Irish companies hit a record in venture capital funding in the first quarter of the year, with investment increasing by almost a third, even as smaller companies saw a decline, new figures from the Irish Venture Capital Association indicate.
The increase comes despite headwinds in the global investment sector, which has seen layoffs across the tech sector and increased borrowing costs as central banks bring a decade of cheap money to an end.
The latest VenturePulse survey showed Irish small and medium-sized companies raised €502 million in capital funding in the first three months of the year. That was up from €380 million in the same period a year earlier, but the figures were boosted by a single deal, with Cork-based solar developer Amarenco raising €300 million in March.
“This was a robust quarter for Ireland when compared to global VC funding, which fell by 53 per cent in the first three months of the year,” said Leo Hamill, chairperson of the Irish Venture Capital Association.
“While Amarenco boosted the figures, if you exclude deals above €30 million in first quarter 2023 and 2022, this year still saw a rise of 70 per cent to over €200 million for the first three months, which reflects well in view of global headwinds across the sector.”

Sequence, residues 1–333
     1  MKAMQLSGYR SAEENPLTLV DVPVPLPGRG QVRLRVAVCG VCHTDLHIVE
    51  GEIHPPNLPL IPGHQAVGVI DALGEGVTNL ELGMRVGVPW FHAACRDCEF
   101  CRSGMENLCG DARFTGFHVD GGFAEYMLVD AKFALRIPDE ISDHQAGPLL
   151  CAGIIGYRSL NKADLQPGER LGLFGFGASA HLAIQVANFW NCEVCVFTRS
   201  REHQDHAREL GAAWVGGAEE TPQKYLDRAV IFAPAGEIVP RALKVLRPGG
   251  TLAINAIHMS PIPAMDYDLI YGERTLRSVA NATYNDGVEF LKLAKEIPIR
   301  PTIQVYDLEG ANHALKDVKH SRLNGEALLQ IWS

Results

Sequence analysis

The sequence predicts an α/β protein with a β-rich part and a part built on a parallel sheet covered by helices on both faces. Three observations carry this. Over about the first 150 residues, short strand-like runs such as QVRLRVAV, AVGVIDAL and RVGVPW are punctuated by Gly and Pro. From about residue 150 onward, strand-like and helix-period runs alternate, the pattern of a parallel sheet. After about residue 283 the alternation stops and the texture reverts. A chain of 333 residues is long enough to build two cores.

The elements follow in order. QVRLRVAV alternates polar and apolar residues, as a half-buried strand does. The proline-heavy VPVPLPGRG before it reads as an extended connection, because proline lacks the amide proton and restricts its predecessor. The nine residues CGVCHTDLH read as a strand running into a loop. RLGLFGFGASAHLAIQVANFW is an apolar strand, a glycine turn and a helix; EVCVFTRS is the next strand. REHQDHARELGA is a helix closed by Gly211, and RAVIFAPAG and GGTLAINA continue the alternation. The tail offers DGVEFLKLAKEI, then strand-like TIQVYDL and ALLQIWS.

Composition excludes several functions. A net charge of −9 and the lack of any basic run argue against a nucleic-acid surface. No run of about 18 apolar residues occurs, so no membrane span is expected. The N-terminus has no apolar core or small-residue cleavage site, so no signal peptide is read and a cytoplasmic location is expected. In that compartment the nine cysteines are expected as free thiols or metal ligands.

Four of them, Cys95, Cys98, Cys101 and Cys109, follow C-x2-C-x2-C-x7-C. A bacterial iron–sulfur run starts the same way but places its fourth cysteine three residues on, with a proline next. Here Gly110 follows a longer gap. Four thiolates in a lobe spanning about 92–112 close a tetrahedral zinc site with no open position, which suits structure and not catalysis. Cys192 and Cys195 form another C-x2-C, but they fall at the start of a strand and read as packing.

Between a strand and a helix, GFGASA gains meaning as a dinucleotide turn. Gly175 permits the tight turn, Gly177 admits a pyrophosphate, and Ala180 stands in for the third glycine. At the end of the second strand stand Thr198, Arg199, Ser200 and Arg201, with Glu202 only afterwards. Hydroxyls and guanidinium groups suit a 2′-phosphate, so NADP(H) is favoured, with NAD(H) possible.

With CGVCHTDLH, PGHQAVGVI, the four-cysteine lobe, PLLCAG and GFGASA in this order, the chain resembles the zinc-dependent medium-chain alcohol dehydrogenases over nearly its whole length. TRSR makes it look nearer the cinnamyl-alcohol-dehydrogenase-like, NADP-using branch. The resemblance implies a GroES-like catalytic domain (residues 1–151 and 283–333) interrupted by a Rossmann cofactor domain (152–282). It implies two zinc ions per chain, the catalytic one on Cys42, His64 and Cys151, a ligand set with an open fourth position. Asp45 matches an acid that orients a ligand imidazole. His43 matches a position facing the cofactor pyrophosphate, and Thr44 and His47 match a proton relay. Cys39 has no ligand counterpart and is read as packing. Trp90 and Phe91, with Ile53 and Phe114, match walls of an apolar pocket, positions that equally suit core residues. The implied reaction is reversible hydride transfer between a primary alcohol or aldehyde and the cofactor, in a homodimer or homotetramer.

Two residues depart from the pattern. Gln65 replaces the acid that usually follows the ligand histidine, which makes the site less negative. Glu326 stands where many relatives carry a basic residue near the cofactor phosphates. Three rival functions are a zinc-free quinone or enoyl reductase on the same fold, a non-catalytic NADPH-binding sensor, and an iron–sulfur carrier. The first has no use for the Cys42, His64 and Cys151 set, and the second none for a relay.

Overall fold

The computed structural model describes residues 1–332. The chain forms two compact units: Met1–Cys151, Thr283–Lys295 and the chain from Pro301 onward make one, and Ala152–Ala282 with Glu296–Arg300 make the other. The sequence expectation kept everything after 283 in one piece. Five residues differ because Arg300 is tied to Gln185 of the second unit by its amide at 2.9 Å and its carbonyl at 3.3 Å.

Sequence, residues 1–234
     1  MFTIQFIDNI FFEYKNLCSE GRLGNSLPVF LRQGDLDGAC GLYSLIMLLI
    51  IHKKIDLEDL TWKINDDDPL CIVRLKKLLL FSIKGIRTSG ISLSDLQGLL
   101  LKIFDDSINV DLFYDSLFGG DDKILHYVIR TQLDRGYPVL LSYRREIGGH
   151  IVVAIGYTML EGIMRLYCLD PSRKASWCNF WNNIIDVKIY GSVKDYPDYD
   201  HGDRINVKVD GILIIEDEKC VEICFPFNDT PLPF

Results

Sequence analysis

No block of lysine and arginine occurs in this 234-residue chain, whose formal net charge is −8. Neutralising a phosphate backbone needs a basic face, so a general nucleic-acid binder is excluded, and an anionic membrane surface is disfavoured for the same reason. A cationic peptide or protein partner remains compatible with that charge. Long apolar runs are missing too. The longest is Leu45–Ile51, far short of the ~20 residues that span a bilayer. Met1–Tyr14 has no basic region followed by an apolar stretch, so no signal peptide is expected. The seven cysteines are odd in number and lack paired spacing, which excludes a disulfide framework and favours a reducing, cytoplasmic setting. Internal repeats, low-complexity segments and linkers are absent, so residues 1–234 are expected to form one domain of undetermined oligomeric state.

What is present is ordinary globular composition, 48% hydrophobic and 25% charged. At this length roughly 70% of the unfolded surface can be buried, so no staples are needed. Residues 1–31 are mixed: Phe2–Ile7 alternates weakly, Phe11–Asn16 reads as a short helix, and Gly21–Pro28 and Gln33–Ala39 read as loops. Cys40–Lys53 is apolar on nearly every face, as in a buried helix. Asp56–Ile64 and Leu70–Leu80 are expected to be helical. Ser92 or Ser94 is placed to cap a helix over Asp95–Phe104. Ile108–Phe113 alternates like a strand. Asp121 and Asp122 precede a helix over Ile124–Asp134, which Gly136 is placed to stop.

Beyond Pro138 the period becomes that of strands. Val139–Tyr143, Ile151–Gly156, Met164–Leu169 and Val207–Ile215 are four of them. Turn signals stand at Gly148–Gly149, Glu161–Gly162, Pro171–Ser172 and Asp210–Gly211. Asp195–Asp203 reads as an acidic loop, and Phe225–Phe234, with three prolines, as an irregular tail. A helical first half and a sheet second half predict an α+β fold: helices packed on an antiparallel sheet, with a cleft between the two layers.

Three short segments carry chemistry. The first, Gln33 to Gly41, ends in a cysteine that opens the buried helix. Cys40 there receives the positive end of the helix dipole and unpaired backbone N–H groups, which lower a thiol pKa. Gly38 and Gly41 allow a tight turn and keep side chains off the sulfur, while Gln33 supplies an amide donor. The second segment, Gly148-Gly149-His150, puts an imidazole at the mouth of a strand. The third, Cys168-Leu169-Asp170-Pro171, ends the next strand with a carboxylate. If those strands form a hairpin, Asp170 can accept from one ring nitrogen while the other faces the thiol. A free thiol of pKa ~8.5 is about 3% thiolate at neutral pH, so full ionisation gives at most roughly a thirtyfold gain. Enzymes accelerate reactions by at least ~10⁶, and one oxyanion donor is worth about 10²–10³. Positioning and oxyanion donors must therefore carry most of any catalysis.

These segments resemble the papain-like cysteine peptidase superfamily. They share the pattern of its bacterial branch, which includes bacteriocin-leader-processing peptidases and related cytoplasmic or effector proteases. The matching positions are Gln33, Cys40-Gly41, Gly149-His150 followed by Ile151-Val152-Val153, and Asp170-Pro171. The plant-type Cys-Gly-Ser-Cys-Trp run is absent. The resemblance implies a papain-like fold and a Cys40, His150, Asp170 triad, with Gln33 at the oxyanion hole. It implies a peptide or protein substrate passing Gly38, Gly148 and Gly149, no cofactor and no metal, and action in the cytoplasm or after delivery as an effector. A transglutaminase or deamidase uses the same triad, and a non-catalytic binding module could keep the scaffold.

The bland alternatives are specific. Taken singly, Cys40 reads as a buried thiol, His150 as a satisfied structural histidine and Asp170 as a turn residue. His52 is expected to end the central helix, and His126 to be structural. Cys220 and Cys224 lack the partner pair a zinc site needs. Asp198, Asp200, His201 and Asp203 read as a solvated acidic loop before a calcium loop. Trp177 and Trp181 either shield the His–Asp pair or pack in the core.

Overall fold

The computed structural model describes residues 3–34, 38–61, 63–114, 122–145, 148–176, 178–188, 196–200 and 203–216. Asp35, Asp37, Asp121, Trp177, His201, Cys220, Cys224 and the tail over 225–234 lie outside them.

Among the major deals were medtech Fire1, which raised €27.3 million, and energy technology company Supernode, which raised €16 million. Raising €15 million each were Assure Hedge, Astatine and Neuromod.
Deals in the €10m to €30m range were up 95 per cent on the previous quarter. But although deals over €3 million performed well, companies seeking seed and early stage funding saw deals saw a decline.
Deals in the €1 million to €3 million range declined in value to €10 million, down two-thirds compared with the previous quarter. Those under €1 million in size were down 28 per cent to €6.5 million, and seed capital amounted to €7.5 million, down two-thirds compared with the final quarter of 2022.
Some 21 indigenous companies raised between €5 million and €30 million in this quarter.
International venture capital companies continued to play a big role, accounting for 40 per cent of the total invested in the first quarter. When rounds above €30 million were excluded, international funding increased 210 per cent on the same period a year earlier.
“In the context of a global slowdown in VC investment, the high level of international funding secured by Irish companies clearly demonstrates a strong appetite for innovative indigenous enterprises which reflects their high quality and realistic valuations,” said Sarah-Jane Larkin, director general of IVCA said.
The environmental industries sector was top for funding, accounting for 66 per cent of the funding raised in the quarter, with life sciences at 11 per cent.
The VenturePulse data covers equity funds raised by Irish SMEs and other SMEs headquartered on the island of Ireland, from information supplied internally by members of the IVCA and from published information from non-members.